Mother Nature’s Disastrous Ways and Preventing Destruction

 By Kathryn Courtney

            What are you willing to pay for? A latte, pizza, a cab ride home or what about protection from Mother Nature? It does not matter how technologically advanced mankind has evolved, mankind cannot alter the weather. Natural disasters are deadly and can potentially wipe cities off the map. Hurricanes, tornadoes and tsunamis are damaging forces to cities. However, taking action before, after and during deadly storms is vital to help protect and prepare citizens. Sometimes citizens need to evacuate their homes because the storm is so catastrophic it can be dangerous for their safety. In 2005 Hurricane Katrina, the strongest storm since the last 100 years, hit the United States and is the most costly natural disaster ever to happen.

This originally appeared on Flickr

This originally appeared on Flickr

Hurricane Katrina forced more than 250,000 people to relocate to a safer city. After Hurricane Katrina, the citizens who relocated still went back to their homes, even though they live in an area still prone to disaster. Evacuating millions of people in one city is not always possible, so why do people still risk living in an area with the possibility of their homes getting destroyed? “New Orleans is where I grew up and is where my heart and soul is… I will never just give New Orleans up,” stated Brain Razin, who evacuated when Hurricane Katrina hit New Orleans. People are not willing to leave their hometowns for whatever reason; therefore, storm protection is in order to protect citizens who live near the coast. How would citizens be protected against hurricanes? How would the city fund storm protection? Would coastal citizens pay for protection against Mother Nature?

Tae-Goun Kim, a scientist at Korea Maritime University, did research to see if Louisiana citizens would pay for storm protection. Specifically, he focused on funding for wetland restoration to protect the city from disastrous storms. Kim conducted a survey and found Louisiana citizens are willing to pay for wetland restoration so that they are protected against storms. However, restoring Louisiana wetlands does not mean a storm will never hit the coastline again. Restoring the wetlands might reduce some of the storms’ destruction. Protecting Louisiana’s coastline from hurricanes benefits the prevention of land loss, oil and gas industries and seafood production, which is vital to the nations economy.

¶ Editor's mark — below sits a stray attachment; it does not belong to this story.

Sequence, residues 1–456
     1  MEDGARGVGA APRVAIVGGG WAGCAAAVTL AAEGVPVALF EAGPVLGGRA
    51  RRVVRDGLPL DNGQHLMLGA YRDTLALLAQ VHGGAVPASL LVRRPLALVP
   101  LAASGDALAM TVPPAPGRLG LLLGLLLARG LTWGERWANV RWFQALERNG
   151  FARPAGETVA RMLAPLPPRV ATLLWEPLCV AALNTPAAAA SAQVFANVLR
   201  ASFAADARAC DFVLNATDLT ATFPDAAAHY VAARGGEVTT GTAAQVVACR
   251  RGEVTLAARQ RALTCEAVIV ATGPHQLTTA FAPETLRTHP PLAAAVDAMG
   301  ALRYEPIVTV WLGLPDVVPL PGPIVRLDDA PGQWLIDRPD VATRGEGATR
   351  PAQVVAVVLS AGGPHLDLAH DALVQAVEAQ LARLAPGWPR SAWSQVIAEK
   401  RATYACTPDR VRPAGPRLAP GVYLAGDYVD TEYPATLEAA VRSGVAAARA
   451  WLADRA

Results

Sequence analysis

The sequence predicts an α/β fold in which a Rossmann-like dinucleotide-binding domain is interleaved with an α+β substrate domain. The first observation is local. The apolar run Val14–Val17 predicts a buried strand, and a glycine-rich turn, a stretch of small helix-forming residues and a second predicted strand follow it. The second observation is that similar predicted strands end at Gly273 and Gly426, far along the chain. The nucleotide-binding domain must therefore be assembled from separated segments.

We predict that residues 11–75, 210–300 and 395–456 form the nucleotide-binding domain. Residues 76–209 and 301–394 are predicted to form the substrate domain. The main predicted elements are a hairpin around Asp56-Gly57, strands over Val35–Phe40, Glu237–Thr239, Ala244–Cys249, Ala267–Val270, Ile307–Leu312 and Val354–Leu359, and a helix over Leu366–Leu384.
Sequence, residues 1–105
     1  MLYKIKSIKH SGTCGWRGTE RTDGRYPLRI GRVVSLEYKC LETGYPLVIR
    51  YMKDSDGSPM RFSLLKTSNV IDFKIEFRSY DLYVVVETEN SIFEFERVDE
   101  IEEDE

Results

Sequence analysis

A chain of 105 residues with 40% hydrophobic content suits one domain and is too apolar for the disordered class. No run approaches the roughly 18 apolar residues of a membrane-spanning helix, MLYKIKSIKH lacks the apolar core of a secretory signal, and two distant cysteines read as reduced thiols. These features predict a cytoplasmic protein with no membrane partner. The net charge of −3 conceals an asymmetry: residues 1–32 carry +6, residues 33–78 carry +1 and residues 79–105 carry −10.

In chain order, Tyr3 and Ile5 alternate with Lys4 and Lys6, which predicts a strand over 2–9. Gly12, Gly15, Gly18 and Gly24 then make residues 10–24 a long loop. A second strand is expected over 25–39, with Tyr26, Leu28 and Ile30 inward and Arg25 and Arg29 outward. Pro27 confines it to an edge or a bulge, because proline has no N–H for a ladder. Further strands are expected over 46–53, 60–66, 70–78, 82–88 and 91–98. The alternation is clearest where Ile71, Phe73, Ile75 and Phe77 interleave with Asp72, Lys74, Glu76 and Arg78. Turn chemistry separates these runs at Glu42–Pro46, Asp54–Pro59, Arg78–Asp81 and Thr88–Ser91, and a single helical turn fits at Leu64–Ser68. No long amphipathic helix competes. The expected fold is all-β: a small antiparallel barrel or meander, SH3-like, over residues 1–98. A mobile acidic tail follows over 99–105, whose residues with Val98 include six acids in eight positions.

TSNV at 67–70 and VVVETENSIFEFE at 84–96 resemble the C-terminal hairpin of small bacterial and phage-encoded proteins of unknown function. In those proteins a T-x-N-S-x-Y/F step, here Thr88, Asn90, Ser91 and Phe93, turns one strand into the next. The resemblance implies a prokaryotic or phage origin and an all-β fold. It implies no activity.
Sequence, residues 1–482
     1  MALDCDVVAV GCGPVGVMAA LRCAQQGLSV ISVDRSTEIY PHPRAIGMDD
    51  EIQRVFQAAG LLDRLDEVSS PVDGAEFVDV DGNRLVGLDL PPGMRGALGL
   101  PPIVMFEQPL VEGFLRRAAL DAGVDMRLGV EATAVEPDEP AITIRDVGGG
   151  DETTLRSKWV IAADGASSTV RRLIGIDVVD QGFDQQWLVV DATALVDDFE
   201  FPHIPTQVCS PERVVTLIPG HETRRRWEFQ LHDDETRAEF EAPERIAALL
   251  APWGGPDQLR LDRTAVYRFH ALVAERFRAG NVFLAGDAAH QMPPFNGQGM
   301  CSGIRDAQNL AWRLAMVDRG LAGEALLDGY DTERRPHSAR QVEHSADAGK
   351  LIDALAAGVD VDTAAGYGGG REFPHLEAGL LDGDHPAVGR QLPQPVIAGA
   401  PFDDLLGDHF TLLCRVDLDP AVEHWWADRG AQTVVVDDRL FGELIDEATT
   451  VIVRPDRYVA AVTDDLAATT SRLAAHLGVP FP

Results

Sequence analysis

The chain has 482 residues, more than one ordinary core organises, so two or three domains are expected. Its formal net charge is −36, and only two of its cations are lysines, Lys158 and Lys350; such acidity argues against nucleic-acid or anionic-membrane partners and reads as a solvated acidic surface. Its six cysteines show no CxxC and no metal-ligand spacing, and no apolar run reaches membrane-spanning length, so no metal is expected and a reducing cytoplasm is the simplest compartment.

Action needs to be taken immediately to protect Louisiana citizens from hurricanes by restoring the wetlands. Although mankind cannot alter Mother Nature, human intervention needs to take place. Putting together different methods of planning, protecting and restoring Louisiana’s coast and cities takes multiple teams of people. Many organizations already exist to help restore Louisiana’s coastline to a sustainable and productive state. Without people supporting and rebuilding the coastline, hurricanes will destroy and devastate more families and citizens of Louisiana. The United States will continue to lose an additional 1,000 square miles of land by the year 2050 and no longer can sustain the oil and gas industry, which is vital to the nation’s economy and Americans’ way of life. Take action and join or donate to one of the many organizations to help rebuild, restore and protect Louisiana’s coast.


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